Cuando desarrollamos tenemos muchas formas de hacerlo. Desde no hacer nada en especial a dejarnos guiar por determinadas metodologías hasta en la última línea de nuestro código. Revisaremos que opciones (entre muchas más) tenemos y nos centraremos en TDD, DDD y BDD, sus conceptos básicos y que herramientas/librerías existen en PHP para ayudarnos con la que elijamos.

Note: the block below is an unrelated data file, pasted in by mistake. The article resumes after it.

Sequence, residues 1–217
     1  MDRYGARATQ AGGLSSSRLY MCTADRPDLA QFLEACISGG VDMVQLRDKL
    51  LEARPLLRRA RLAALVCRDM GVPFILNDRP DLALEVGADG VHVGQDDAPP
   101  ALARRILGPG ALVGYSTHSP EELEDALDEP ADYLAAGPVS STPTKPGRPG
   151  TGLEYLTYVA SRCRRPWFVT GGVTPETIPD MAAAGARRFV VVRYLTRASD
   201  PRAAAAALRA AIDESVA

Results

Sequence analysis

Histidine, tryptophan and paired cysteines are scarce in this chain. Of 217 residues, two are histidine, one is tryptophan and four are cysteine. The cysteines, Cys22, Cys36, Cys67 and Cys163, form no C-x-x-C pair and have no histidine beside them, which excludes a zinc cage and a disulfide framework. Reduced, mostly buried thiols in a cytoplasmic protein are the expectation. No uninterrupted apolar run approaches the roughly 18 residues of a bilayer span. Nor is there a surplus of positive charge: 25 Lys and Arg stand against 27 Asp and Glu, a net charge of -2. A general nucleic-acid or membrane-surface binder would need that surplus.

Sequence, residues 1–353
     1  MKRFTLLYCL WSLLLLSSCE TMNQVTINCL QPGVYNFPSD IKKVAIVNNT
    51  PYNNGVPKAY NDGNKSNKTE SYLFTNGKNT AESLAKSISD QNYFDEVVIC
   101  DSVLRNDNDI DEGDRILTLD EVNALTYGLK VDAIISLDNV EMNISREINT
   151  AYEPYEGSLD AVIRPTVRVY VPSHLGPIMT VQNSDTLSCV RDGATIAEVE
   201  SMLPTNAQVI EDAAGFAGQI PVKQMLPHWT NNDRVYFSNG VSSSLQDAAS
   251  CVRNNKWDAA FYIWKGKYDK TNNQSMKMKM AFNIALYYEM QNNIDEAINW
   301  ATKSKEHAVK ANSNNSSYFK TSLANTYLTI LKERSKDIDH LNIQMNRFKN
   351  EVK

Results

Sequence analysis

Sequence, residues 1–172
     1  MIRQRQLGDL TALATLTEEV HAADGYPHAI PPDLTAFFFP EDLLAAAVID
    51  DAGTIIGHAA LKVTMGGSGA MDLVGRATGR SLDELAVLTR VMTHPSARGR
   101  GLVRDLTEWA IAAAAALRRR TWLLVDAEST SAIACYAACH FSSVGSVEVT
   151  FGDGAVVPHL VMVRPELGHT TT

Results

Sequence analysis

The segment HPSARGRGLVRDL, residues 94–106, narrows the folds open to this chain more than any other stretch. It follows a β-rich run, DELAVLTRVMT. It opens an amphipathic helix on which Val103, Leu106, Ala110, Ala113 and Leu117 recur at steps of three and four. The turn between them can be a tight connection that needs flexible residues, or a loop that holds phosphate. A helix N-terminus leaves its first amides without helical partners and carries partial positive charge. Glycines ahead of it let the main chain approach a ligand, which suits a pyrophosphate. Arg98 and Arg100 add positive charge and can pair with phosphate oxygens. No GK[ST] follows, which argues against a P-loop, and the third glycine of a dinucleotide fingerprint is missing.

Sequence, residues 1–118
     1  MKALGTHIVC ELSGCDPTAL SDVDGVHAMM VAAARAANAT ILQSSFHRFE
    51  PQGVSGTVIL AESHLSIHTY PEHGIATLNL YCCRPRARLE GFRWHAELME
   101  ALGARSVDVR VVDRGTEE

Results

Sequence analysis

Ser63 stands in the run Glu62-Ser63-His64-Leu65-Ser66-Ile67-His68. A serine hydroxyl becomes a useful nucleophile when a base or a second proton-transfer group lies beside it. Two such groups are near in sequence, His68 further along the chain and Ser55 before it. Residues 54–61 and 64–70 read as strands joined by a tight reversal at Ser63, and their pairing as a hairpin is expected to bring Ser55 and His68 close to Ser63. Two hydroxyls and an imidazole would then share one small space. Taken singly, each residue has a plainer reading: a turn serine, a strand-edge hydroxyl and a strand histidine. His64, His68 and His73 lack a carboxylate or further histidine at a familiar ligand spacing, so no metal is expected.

Greach 2014, The Groovy Spanish Conf 28/March, Madrid, Spain Follow us on twitter Slides & source code: Behaviour Driven Development (BDD) is the next step to writing applications that hit the mark! What makes this technique different is that it engages Stakeholders from start to finish of a project. This is done by writing Specifications by Example in collaboration with all Stakeholders. This presentation will use Cucumber combined with the power of Groovy to demonstrate how you can apply BDD to your next project. We will look at using Cucumber in context of both Groovy and Grails applications. We will demonstrate how to use Cucumber's Gherkin syntax to write clear Scenarios, then progress to writing Step Definitions in Groovy, then using Geb to interact with a browser. We will implement the new feature in our Grails application using Spock to test drive our finer grained components. Lastly, we will demonstrate our Cucumber Feature running end-to-end. The purpose of this presentation is to encourage others in the Groovy community to embrace BDD, and to write relevant useful applications Marco Vermeulen Private Contractor Marco Vermeulen is a South African Software Developer who works and lives in London. He spent the past 11 years working with Enterprise Java, having experienced both the benefits and frustrations of the technology. He has survived EJB 2.1, did time with Struts and enjoyed using frameworks like Spring and Hibernate. Having worked with Groovy for the past 5 years and using Grails for the past 2, he has engineered solutions for Shazam, MailOnline and Burberry. He is also the author of GVM, the Groovy enVironment Manager.